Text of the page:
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When I’m not writing this column, I’m overseeing a once-in-a-lifetime infrastructure project of my own. As dust levels rise and bank balances drop, I’m determined to ease bedroom bottlenecks and improve cohabitation comfort, while maintaining the financial discipline required by my mortgage provider.

So I’m pioneering the world’s first Stair Saving Scheme (SoS). The value of my additional home capacity is not compromised by near-term reliance on alternative connection arrangements such as ladders or ropes. Thanks to the UK Government and their work on HS2 for inspiring this innovative solution.

The £100 billion high-speed rail is becoming the poster child for Britain’s infrastructure curse. Depending on who you ask, it’s too big, too expensive, or just done wrong from the start. Even its supporters (including me) despair. After canceling the eastern leg to Leeds, the government is considering scrapping the western leg to Manchester and ending the line at Old Oak Park outside central London. What good will remain? “Almost nothing,” summed up one person involved in its lengthy founding process.

The wider benefits of HS2 were never well understood or communicated. Faster trains mean shorter journey times. But high-speed lines should also free up capacity elsewhere to provide more local services or freight and form the backbone of other improvements. Now, as political will wanes, the congested capital may not have easy access to HS2, while the part of the country that should benefit most – the north – faces being excluded entirely.However 2020 Oakville ReviewThe basis for HS2 approval stated that “a complete network is required to realize the benefits of investment”.

Indecision is both a symptom and a cause of Britain’s infrastructure woes: everything Construction costs are so high. My colleague John Burn-Murdoch has looked at how rigid planning and NIMBY tendencies drive up costs, with rail projects, road lanes or motorway bridges costing far more than in most other countries . Another problem is the UK’s particular inability to develop long-term plans for its infrastructure, debate them and stick to them.

In construction projects, dithering is inherently expensive. While everyone is thinking things over, the bills keep piling up. The contract must be re-signed. An industry rule of thumb is that one-fifth of a project’s capital cost is spent on design and development. Every efficiency or change has the potential to undo past work and incur more design costs, especially for something as complex as HS2.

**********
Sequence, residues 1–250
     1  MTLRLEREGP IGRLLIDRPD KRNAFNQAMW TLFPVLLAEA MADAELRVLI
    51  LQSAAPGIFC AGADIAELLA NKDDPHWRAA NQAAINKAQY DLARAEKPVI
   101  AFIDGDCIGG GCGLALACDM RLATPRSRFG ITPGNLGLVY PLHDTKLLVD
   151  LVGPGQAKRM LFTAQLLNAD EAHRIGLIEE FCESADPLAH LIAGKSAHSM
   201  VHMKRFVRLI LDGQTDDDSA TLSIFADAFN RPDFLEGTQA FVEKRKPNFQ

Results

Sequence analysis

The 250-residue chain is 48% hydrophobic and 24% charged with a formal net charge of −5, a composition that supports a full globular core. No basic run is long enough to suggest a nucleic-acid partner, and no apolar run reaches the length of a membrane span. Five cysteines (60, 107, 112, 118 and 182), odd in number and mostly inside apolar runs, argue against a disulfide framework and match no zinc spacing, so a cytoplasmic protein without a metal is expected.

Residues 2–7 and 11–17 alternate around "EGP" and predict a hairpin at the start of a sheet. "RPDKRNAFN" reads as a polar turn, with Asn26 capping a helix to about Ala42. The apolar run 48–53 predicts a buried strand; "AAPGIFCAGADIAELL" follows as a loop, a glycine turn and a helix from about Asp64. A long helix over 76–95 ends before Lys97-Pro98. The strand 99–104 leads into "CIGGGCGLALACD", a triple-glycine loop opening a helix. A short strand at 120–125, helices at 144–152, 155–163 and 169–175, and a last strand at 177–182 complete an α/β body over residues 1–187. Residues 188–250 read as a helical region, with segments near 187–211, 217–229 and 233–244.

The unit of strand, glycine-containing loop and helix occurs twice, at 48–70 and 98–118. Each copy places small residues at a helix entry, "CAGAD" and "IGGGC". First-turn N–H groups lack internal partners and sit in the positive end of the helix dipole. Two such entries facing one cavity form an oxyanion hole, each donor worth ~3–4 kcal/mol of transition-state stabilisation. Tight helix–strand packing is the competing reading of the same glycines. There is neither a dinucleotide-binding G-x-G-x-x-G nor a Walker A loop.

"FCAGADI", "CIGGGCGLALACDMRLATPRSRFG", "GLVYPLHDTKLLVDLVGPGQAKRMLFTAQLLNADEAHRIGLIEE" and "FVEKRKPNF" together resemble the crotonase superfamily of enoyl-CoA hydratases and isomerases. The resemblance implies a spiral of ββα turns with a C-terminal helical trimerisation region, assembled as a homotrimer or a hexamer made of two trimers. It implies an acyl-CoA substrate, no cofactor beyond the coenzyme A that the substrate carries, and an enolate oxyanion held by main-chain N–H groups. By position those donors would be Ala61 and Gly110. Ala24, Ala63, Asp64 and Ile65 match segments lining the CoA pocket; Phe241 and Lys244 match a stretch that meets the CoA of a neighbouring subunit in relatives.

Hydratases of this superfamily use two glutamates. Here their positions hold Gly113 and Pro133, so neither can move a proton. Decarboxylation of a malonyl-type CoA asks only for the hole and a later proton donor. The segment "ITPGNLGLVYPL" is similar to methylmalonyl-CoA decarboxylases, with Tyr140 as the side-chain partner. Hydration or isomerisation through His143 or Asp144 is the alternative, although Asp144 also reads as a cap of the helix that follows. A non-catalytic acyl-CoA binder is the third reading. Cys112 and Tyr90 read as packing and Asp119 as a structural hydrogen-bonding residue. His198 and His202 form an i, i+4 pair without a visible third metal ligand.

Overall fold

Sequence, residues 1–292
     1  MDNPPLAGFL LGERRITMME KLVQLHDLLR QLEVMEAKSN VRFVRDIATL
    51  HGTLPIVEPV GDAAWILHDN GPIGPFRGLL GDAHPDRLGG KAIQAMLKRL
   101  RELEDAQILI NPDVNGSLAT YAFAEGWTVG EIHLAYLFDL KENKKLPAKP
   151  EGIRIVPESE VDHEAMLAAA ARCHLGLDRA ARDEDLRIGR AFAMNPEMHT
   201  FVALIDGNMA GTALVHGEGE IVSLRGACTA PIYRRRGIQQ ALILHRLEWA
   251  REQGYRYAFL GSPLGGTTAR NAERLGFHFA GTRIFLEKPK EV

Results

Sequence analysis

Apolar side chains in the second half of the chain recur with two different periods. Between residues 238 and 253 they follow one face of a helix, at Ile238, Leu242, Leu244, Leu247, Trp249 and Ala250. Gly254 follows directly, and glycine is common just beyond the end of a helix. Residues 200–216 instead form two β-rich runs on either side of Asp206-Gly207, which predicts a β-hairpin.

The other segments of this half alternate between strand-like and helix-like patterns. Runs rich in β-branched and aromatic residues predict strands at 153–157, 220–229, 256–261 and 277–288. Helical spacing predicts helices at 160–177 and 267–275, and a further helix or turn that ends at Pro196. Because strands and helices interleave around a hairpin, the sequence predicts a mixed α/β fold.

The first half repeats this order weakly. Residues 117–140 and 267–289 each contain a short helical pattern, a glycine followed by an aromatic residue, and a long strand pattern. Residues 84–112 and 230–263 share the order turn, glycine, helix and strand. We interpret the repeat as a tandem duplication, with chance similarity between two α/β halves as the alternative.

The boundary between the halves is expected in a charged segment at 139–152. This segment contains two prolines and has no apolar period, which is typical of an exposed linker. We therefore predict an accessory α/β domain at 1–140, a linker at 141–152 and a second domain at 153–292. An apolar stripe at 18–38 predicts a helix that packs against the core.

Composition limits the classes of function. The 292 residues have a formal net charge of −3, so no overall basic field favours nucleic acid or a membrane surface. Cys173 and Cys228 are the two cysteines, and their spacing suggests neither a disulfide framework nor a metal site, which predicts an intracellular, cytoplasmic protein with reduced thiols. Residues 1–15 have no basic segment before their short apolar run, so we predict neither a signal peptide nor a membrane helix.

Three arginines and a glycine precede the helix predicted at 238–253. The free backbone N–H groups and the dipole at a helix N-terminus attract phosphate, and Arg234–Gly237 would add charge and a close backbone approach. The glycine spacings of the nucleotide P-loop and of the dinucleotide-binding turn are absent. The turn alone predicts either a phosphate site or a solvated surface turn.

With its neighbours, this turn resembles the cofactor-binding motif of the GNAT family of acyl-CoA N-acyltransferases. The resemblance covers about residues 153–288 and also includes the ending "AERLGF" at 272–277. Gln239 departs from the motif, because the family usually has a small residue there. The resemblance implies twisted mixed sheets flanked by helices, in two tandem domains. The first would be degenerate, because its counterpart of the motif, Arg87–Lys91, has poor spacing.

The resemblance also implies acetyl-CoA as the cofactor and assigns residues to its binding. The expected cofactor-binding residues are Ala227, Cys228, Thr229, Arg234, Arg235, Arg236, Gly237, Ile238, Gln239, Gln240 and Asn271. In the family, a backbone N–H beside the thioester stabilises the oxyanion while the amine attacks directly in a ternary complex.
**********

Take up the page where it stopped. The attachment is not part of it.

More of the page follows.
Political sucking and an unwillingness to commit to medium- to long-term stable spending are particular problems.Britain lags behind on rail electrification, with costs soaring to as much as three times initial budget due to lack of consistency Sam Demetriou From campaign group Reinventing Britain.Germany Have been moving forward hard 200km of lines are electrified each year; UK mileage rebounds from nearly 600km in some years to zero in others.

Lamenting start-stop investing is nothing new: 2010 Financial Report An investigation into “excessive” infrastructure costs found that “a lack of visible and continuous workflow pipelines” was one of the biggest issues that needed to be addressed.

One knock-on effect is in terms of skills in industry and government. Despite efforts such as the Major Project Leadership Academy, the ability of civil servants to oversee large-scale infrastructure development remains questionable, meaning greater reliance on consultation. Without a job pipeline, companies have no incentive to invest in training and career development. When there are no more jobs to go on, specialist skills, such as those taught at the welding school established for Hinkley Point C nuclear construction, decline. Know-how is not transferred from one (preferably standardized) project to the next.

Broken pipelines have fragmented the UK industry, as the 2010 report pointed out again. Companies don’t build greater internal capabilities or invest in advanced technology when their largest customers are unstable. Balfour Beatty, the UK’s largest construction group, had revenues of around £9bn last year, dwarfed by French or Spanish contractors such as Vinci’s €62bn or ACS’s €34bn.

Noble Francis of the British Construction Products Association said that large contractors employ only 14% of the UK construction workforce, 86% of which are small and medium-sized enterprises. “Fluctuations in infrastructure demand mean that contractors’ business models are not based on the most efficient way of working, but on coping with volatility, which means subcontracting costs, activities and risks to smaller specialist contractors,” he said .

If I were to start another personal infrastructure project, I would learn from my current experience. For decades, it was not obvious that Britain could say the same.

helen thomas@ft.com

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